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How do you get the members of an audience to challenge their preconceived notions about race, class, religion, gender and even the law? You make them the jury in Defamation, a riveting one-act courtroom drama about an African-American professional woman who sues a successful Jewish real estate developer.
"Whether we like it or not, we still have major divides in this country," said playwright Todd Logan. "Most of us still go to bed at night in cities, communities and neighborhoods that are segregated by race, religion, ethnicity and/or class."
Logan wrote Defamation, a brief, intense theatrical experience that has captivated audiences around the country, as a platform for the kind of civil discourse that leads to greater understanding and empathy, and as a result, greater tolerance. It is ideally suited to college and high school audiences due to the level of engagement in elicits, the efficient 1 ½ hour time frame, and the clean, stripped-down nature of the set. All the performers require is a simple stage, two desks and a few chairs. The Defamation website, www.defamationtheplay.com, also provides an extensive study guide.
In a trial without a smoking gun, Defamation presents a civil defamation case. Regina Wade, owner of a small design firm on Chicago's south side, sues Arthur Golden, a high-powered businessman from the wealthy and white community of Winnetka on Chicago's north shore. Wade claims Golden ruined her reputation and her business by accusing her of stealing his heirloom watch during the course of a business meeting.
This case is not a simple "he said, she said." There are twists and turns that keep the audience on its toes. In the course of presenting their arguments, attorneys elicit testimony about segregated neighborhoods and country club memberships, the Holocaust, racial discrimination, and the hardships of class. Described is Ms. Wade's life-long experience getting "the look" from others due to her skin color. As Diana Ladd of the Jackson Free Press wrote, "The play has all sorts of circular prejudice messages wound up in it and some powerful lessons about ingrained racism most of us never see, especially if we're white and part of the majority culture."
After each side rests its case, the judge instructs audience members that they are to adjudicate the matter and deliver a verdict following open deliberations. Before deliberations begin, the judge polls those in the audience for their initial findings by offering them three choices: 1) to declare in favor the plaintiff (Miss Wade); 2) to declare in favor of the defendant (Mr. Golden); or 3) to claim undecided. The judge then leads the audience in a 15-20 minute deliberation.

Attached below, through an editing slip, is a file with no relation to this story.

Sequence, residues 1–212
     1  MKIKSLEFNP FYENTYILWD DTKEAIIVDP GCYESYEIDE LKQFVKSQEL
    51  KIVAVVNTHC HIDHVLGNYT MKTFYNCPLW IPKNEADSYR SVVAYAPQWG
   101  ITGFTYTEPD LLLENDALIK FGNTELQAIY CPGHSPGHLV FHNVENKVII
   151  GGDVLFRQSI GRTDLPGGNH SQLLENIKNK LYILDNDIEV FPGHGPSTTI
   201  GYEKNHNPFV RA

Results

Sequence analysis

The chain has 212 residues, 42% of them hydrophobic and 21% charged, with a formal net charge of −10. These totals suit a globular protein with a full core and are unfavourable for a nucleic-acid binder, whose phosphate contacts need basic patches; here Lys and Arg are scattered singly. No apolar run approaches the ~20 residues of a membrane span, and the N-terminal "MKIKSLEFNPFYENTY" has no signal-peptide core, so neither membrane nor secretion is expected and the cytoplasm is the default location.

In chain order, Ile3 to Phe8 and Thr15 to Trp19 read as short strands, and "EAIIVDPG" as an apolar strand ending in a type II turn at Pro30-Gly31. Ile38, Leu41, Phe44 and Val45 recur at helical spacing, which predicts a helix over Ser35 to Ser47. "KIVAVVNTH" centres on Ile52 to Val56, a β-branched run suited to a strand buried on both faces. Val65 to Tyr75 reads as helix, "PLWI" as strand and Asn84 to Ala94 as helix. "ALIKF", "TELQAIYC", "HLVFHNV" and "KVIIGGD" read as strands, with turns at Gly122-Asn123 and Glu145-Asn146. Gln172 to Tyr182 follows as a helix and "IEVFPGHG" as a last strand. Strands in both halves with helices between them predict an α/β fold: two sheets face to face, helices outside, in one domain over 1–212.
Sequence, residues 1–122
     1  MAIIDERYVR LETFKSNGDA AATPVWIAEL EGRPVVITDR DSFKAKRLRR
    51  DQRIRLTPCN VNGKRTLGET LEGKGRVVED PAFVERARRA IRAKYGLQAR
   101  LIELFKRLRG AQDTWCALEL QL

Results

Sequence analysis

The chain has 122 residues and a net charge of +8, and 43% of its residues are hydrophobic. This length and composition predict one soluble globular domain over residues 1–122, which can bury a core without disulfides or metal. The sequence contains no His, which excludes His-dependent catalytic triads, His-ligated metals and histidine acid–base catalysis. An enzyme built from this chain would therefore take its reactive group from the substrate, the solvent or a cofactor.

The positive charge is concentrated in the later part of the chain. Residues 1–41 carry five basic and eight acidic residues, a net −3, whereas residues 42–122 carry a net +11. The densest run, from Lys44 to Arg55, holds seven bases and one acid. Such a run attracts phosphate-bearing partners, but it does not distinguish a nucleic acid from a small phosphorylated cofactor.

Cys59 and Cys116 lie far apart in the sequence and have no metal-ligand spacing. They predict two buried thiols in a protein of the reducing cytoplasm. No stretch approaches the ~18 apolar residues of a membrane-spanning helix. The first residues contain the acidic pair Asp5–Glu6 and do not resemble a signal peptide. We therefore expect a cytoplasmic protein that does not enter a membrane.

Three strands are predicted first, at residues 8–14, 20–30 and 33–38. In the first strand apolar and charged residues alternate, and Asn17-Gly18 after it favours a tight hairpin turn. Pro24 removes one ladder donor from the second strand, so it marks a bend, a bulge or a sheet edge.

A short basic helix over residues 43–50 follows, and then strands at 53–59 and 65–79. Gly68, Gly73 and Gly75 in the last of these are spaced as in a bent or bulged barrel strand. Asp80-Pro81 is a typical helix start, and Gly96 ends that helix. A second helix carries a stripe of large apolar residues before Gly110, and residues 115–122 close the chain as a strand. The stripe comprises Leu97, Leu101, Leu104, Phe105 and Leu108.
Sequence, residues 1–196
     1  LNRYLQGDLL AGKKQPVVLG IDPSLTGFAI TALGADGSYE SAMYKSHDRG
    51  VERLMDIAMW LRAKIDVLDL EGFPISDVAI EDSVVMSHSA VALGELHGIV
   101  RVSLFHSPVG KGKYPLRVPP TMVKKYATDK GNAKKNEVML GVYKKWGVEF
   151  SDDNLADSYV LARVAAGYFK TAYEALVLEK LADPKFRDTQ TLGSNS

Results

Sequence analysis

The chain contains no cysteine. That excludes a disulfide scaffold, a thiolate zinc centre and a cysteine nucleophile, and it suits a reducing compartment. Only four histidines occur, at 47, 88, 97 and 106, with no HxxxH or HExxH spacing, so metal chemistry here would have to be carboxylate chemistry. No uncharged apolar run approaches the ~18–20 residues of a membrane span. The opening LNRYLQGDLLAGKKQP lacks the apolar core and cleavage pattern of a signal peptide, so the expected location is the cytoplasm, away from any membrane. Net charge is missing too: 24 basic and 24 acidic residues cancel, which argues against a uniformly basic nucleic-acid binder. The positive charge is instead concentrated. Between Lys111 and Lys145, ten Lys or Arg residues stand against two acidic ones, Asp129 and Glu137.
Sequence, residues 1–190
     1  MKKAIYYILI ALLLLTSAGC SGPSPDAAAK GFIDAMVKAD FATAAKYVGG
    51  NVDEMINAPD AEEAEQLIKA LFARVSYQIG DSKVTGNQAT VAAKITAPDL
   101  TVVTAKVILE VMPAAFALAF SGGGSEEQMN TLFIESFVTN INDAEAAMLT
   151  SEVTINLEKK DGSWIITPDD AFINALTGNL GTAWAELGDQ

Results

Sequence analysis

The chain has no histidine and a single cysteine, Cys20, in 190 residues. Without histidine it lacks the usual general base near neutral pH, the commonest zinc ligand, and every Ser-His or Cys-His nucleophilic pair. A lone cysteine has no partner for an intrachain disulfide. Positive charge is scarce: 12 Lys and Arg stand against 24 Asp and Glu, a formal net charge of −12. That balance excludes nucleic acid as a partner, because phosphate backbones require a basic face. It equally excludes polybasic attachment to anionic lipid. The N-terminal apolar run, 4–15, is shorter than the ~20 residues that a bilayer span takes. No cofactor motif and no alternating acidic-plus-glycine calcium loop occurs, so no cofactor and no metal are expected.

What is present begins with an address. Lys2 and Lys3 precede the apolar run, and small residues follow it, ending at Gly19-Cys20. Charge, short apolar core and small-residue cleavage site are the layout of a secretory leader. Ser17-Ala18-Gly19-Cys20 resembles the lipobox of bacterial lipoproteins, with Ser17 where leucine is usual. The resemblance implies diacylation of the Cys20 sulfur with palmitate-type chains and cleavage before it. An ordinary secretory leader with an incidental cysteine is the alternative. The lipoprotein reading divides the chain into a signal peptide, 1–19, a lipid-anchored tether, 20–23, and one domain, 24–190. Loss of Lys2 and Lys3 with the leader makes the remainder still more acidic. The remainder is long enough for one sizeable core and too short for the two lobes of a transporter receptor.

Deliberations are intense and revealing. In discussing the facts of the case and the guilt or innocence of each party, audience members inevitably uncover their own and others' biases that inform their day-to-day lives. Erika Harris of "Mindful Metropolis" reflected, "I left the theater with my notions shaken and twisted. [Defamation] gives you a view of two very different worlds and then enlists you to take a stand - right then and there as the jury! We need the frank conversations this play fearlessly ignites."
The courtroom drama and jury deliberations are followed by a post-show discussion in which the conversation grows even richer and often elicits emotional personal stories from audience members. Undergraduate and post-graduate audiences have been among those riveted by the play's ability to draw students out of conventionally held perceptions.
Susan Connor, Professor of Law at the John Marshall Law School in Chicago said, "The discussion with the actors following the play is integral to the production and brilliantly enhanced the experience." Recently, at Chicago-based North Park University, students from several different minority groups shared their painful experiences getting "the look" that comes from being apart from the majority.
The play was also very well received at the John Seigenthaler Center at Vanderbilt University in Nashville. "Defamation is a well-constructed, well-acted drama that makes students think carefully about the intersections of sex, race, and class," said Julia Fesmire Senior Lecturer, Women's and Gender Studies at Vanderbilt.
Defamation - History
Defamation has received much acclaim since premiering in 2010 and has played to more than 100 audiences in the cities of Chicago, Boston, Nashville and Jackson, and their environs. It has been performed for universities, law schools, high schools, civic and religious organizations and businesses. Word of mouth about the play's power to ignite dialogue has generated requests for performances around the country. Defamation has become known as the play that starts conversations.
Defamation can be performed before any size audience and in any venue. The set up is low tech: two tables, six chairs and no special lighting (just like a courtroom).
The play can be performed mornings, afternoons and/or evenings. Pricing is determined by organization(s), location and number of shows. Partnerships among organizations to present Defamation are welcome.